Louisiana also is one of those 18 states. So when Merritt Landry heard his dogs barking early in the morning, he grabbed his .45-caliber handgun and stepped out the door and into the gated courtyard of his New Orleans home. As he did so, he spotted a shadowy figure crouching 30 feet away. It was Marshall Coulter, 14, who had been in and out of jail. When Coulter made a sudden movement, Landry fired his gun, hitting the teen in the back of the head. The shot did not kill him. Landry never went to trial. A grand jury refused all charges.

Theodore Wafer told officers he woke up to violent banging on his door in the middle of the night last November at his Detroit-area home. On the other side of the door stood a drunken 19-year-old, who had crashed her vehicle into a nearby tree hours earlier.

Claiming both that he feared for his life and that his shotgun went off accidentally, Wafer fired a fatal round into Renisha McBride's face through the screen door.

"I was not going to cower. I didn't want to be a victim in my own house," Wafer said at his trial.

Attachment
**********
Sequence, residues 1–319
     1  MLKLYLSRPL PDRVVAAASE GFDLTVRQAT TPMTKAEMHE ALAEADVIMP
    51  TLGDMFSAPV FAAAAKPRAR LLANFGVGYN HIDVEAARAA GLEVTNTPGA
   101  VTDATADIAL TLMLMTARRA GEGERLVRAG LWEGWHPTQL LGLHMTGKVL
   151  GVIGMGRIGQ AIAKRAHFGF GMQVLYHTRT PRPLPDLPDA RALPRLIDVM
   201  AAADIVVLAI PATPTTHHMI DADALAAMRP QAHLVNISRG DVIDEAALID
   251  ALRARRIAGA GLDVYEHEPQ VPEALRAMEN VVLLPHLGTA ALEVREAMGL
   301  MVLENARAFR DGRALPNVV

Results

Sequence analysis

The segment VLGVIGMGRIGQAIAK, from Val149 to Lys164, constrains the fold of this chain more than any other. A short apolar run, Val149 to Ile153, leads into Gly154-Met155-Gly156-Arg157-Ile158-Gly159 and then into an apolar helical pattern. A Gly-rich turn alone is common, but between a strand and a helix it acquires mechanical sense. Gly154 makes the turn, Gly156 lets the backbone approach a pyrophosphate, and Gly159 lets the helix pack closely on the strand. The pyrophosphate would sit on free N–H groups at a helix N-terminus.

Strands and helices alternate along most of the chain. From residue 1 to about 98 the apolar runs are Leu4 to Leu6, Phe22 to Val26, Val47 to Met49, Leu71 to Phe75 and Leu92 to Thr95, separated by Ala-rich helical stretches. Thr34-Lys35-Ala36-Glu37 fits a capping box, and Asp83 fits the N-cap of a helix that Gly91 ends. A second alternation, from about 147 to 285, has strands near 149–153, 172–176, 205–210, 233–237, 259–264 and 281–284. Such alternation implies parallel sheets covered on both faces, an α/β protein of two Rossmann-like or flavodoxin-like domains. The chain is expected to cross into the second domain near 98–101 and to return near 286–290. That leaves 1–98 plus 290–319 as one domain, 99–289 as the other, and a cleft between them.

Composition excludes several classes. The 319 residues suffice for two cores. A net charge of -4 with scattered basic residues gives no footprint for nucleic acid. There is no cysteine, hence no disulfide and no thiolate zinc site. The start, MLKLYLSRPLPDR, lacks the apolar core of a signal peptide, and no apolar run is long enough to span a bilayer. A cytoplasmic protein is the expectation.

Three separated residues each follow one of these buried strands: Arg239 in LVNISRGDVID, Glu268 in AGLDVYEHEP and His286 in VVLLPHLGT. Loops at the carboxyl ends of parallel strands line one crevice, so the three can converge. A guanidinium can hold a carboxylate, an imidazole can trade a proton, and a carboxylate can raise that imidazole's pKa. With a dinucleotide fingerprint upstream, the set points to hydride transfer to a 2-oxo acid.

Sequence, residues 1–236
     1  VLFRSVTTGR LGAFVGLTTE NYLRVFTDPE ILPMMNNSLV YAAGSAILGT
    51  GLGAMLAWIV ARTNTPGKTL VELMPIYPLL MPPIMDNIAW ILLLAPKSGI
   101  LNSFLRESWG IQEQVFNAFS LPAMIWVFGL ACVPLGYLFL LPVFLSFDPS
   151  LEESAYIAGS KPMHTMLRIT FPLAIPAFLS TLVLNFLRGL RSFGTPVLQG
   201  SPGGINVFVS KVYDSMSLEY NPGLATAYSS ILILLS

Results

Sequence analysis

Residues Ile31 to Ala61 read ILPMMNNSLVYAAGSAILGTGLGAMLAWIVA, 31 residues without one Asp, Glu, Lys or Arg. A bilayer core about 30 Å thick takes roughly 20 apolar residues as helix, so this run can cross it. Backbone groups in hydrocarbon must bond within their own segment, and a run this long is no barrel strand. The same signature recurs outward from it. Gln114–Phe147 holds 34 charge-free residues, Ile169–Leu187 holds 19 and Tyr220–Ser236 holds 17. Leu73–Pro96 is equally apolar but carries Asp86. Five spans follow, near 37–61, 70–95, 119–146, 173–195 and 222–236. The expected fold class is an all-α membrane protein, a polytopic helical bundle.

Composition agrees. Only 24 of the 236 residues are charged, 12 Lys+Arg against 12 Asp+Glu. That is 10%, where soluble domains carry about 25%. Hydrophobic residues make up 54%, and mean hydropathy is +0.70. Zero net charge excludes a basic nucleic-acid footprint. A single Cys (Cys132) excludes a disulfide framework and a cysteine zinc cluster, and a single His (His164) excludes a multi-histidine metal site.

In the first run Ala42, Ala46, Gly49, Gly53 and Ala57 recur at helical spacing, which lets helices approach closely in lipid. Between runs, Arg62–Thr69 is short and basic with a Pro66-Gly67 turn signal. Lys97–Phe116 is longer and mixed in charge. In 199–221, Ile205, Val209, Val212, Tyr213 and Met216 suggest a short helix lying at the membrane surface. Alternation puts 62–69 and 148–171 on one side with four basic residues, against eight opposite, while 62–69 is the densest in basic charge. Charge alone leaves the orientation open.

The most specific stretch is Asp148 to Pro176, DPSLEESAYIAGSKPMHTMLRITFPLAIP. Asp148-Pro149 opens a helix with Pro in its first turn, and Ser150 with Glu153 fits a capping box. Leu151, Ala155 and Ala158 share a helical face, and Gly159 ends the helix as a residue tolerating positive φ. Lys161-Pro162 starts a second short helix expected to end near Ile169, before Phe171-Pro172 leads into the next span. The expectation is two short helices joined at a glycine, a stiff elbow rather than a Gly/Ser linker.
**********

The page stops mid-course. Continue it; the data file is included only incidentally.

But Wafer was convicted of second-degree murder and related charges Aug. 7.

"We have a right to self-defense, but we also have a right of free speech and a right to do variety of other things," Maze said. "If these things are not exercised reasonably, all of a sudden someone finds themselves in legal trouble, and it's expensive to hire a lawyer, it's risky to go to a trial, and as we saw in this case, a jury can convict."

In early August, the American Bar Association released a report following a national study on the impact of stand your ground laws. Among the findings were that stand your ground states experienced an increase in homicides and that the law was applied unpredictably and inconsistently across racial lines.

The study group recommended creating a national database to track cases and cautioned that the adverse effects of the law appear to outweigh its possible benefits, saying people who claimed self-defense were sufficiently protected before stand your ground laws were passed.

News21 asked prosecutor's associations and bar associations across the country what they do to monitor the application of self-defense laws and found few appear to actively track the law's effect.

Some states have tried.

In 2012, the Louisiana Legislature made it mandatory for law enforcement to conduct full investigations of all homicides involving a self-defense claim.

A similar bill in Texas would have made it mandatory for law enforcement to track and investigate all self-defense cases, but the measure died in committee.

Jon LaFlamme is the News21 Weil Fellow. Sam Stites and Wade Millward contributed to this article.

TOMORROW: Guns and child deaths.